“When there is uncertainty about uncertainty, it becomes really difficult”: Community residents react to India Coronavirus outbreak

Local News

TERRE HAUTE, Ind. (WTWO/WAWV)– Sai Ram Upadhyayula arrived in the United States right before the COVID-19 pandemic began.

He said after being away from home for a year, seeing another outbreak occur in his home country of India is concerning.

“Over the last few weeks we’ve had like 400,000 cases daily. People are scared to come out. There’s a shortage of oxygen and beds in the hospitals. It’s getting hard on them,” he said.

Due to President Biden’s India travel restrictions, Sai cancelled a trip home planned for May 14. He said he’s going to miss out on several important occasions like his parents wedding anniversary.

“I’m missing my mom’s birthday and my dad’s birthday. I’m missing everything. Hopefully somehow we can connect virtually, and hopefully things go back to good again,” Upadhyayula noted.

Zachariah Mathew is another Indian Terre Haute resident who planned to travel back home in the coming months. But his family who live in large cities like Bangalore and Mumbai are currently on lockdowns.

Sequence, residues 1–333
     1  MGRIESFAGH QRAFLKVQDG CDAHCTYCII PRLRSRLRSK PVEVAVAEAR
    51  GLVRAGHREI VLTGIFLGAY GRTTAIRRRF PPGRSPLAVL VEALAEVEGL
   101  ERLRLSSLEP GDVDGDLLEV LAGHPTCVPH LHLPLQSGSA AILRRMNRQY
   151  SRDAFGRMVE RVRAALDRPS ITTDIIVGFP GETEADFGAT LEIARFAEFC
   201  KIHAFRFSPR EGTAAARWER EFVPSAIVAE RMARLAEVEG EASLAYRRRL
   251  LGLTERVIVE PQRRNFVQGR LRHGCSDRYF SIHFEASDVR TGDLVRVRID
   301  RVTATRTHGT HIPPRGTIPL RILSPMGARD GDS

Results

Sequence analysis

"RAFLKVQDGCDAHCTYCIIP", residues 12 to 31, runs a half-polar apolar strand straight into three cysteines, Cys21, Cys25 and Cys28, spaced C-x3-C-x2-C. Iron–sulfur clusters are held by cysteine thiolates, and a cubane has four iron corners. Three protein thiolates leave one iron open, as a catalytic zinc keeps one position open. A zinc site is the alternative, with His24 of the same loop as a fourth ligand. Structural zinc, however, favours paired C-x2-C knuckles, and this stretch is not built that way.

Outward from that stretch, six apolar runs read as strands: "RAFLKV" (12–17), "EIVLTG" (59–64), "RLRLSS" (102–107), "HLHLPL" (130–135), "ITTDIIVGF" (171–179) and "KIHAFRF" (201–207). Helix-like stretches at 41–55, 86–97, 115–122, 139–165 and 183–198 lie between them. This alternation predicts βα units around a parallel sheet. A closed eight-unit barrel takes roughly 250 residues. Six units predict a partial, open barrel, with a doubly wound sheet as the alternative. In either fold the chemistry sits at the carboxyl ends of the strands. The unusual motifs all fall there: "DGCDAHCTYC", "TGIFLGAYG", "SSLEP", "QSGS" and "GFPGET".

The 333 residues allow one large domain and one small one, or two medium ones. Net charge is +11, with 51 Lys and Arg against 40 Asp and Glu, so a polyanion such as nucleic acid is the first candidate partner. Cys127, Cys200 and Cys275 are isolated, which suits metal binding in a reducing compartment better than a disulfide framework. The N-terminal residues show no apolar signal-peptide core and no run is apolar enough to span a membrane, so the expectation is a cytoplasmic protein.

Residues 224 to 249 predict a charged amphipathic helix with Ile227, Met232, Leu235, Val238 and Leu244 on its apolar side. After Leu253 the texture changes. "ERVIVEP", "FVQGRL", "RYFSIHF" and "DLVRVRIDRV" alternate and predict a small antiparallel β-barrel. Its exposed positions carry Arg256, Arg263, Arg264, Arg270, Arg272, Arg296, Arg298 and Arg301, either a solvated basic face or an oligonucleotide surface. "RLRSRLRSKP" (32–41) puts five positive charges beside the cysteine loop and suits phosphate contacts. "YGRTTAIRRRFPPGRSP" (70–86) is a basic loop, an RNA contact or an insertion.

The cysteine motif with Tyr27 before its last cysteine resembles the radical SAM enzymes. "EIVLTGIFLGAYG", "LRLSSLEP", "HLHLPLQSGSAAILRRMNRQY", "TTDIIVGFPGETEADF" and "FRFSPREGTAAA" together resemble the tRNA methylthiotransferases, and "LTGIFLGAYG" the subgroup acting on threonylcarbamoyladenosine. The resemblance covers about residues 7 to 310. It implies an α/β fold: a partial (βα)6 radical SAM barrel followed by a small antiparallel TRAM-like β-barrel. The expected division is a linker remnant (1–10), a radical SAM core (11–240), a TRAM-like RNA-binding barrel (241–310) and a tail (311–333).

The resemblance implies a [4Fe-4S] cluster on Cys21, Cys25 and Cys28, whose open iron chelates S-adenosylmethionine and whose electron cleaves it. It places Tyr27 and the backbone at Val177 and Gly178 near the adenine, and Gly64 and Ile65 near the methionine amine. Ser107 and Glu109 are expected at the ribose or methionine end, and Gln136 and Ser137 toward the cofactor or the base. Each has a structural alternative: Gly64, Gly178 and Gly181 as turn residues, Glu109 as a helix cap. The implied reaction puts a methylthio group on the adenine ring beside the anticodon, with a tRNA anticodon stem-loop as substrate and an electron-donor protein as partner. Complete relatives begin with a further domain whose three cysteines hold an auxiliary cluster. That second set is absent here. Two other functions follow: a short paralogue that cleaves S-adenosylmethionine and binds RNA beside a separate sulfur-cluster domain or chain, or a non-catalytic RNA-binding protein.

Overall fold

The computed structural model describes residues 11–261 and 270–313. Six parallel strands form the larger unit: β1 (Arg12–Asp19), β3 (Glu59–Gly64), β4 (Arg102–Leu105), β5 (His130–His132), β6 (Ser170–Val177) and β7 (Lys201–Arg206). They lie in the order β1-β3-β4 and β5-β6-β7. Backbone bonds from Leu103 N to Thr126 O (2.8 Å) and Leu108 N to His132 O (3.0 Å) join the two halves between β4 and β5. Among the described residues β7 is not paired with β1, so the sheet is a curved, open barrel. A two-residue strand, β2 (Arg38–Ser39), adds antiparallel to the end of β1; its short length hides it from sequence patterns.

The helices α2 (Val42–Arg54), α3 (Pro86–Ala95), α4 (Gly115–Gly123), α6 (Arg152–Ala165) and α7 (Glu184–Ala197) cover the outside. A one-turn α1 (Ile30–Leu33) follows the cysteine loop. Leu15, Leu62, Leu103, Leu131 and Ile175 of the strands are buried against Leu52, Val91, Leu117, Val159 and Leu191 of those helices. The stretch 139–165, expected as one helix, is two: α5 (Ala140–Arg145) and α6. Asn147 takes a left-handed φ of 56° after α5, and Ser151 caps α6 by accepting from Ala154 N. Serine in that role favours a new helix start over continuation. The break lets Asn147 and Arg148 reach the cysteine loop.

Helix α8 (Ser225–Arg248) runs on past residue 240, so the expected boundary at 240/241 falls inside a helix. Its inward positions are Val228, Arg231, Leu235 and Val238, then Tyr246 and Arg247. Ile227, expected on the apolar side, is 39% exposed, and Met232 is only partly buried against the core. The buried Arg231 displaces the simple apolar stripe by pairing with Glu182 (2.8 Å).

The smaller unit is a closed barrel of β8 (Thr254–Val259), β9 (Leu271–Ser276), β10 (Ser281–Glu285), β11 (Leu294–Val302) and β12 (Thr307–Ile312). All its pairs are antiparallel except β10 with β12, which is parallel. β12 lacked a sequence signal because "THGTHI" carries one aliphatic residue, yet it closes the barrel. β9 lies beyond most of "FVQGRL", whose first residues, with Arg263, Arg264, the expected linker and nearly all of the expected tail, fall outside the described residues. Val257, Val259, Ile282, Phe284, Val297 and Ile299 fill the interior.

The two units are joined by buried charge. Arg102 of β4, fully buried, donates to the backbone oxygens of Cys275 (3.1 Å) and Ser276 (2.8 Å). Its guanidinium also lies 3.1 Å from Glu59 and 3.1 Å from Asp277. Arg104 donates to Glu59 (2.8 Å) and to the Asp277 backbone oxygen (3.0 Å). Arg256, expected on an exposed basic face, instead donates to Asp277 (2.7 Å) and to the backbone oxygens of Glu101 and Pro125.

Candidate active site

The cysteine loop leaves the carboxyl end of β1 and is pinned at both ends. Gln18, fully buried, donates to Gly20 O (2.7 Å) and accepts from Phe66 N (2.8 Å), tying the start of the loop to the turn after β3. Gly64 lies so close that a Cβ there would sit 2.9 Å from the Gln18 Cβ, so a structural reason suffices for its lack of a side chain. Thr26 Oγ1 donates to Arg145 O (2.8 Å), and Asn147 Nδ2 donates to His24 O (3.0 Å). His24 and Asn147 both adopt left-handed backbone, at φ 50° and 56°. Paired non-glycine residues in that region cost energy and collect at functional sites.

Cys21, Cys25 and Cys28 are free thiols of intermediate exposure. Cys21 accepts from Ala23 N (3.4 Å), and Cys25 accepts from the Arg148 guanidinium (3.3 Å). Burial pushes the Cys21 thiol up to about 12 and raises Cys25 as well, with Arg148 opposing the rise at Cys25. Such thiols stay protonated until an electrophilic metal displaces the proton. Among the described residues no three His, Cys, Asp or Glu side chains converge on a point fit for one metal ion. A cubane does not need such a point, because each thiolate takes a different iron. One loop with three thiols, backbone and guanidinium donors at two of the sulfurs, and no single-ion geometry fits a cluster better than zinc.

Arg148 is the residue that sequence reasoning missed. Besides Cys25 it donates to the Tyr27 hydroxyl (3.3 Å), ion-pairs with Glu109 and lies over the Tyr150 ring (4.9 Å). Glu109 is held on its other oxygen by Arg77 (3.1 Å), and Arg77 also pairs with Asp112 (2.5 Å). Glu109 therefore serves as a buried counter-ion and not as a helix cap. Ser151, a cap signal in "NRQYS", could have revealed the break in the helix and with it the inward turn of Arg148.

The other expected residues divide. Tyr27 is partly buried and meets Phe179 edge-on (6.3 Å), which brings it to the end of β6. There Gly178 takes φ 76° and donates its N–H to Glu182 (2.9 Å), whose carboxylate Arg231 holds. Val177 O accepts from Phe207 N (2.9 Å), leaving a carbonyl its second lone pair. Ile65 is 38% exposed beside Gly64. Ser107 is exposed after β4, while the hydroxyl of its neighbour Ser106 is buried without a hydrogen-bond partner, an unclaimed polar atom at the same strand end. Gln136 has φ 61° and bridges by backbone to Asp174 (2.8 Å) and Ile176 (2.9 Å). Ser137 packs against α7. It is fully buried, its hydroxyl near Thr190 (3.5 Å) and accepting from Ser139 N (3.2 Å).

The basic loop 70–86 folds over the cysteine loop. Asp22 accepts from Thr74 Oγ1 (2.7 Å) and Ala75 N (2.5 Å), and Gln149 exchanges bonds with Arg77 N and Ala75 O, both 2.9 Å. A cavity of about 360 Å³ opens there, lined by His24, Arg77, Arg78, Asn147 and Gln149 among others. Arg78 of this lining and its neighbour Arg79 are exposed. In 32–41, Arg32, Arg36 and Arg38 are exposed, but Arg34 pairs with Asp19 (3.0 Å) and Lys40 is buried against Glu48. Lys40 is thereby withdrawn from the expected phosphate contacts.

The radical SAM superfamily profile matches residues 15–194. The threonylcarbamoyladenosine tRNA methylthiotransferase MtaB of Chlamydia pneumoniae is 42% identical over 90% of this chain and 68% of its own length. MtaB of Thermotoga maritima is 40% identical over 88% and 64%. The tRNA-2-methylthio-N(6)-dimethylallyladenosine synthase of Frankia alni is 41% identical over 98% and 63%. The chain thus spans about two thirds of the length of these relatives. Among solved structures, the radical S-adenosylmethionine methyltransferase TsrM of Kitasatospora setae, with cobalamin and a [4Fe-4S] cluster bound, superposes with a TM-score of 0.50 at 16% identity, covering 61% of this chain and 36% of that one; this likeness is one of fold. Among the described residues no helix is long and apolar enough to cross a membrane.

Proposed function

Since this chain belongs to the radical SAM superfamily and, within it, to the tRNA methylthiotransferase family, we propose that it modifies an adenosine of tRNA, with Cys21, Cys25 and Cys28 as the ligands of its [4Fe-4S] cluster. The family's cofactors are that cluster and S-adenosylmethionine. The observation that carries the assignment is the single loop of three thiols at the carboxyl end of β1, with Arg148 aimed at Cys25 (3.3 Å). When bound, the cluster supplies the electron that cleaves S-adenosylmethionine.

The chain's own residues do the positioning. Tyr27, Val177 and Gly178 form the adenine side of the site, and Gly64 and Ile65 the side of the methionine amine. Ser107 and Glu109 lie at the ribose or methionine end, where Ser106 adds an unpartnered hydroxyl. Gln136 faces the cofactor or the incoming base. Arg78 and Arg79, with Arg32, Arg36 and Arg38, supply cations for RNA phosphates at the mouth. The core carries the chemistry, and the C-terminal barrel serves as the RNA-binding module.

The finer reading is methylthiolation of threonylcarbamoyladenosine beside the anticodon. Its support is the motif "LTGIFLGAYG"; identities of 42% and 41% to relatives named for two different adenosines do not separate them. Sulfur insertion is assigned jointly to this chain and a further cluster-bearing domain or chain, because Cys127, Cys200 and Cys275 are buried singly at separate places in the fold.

“The uncertainty has become a new normal,” he said. “But when there is uncertainty about uncertainty, it becomes really difficult. They don’t know what to expect tomorrow.”

Matthew said the biggest issue is lack of resources.

“That’s where it becomes really difficult. It’s not just PPE, oxygen and hospitals. It’s also healthy laborers, someone who is absolutely healthy not infected with COVID-19 not having anything to buy bread and not being able to feed their children,” he concluded.

Dr. Arthur Feinsod, president of the Interfaith Council of the Wabash Valley, wrote a letter asking the community to support local Indian residents. Feinsod lost his mother to COVID-19 last year. He said it’s important to support each other during tough times. 

“It’s very personal to me. I look at our Indian friends, neighbors and coworkers and think of what they must be going through being here in Indiana knowing there’s so much suffering in their homeland. My heart just went out to them. All of us with the interfaith council were eager to do something,” Dr. Feinsod said.

Copyright 2021 Nexstar Media Inc. All rights reserved. This material may not be published, broadcast, rewritten, or redistributed.

Don't Miss

More Don't Miss

Trending Stories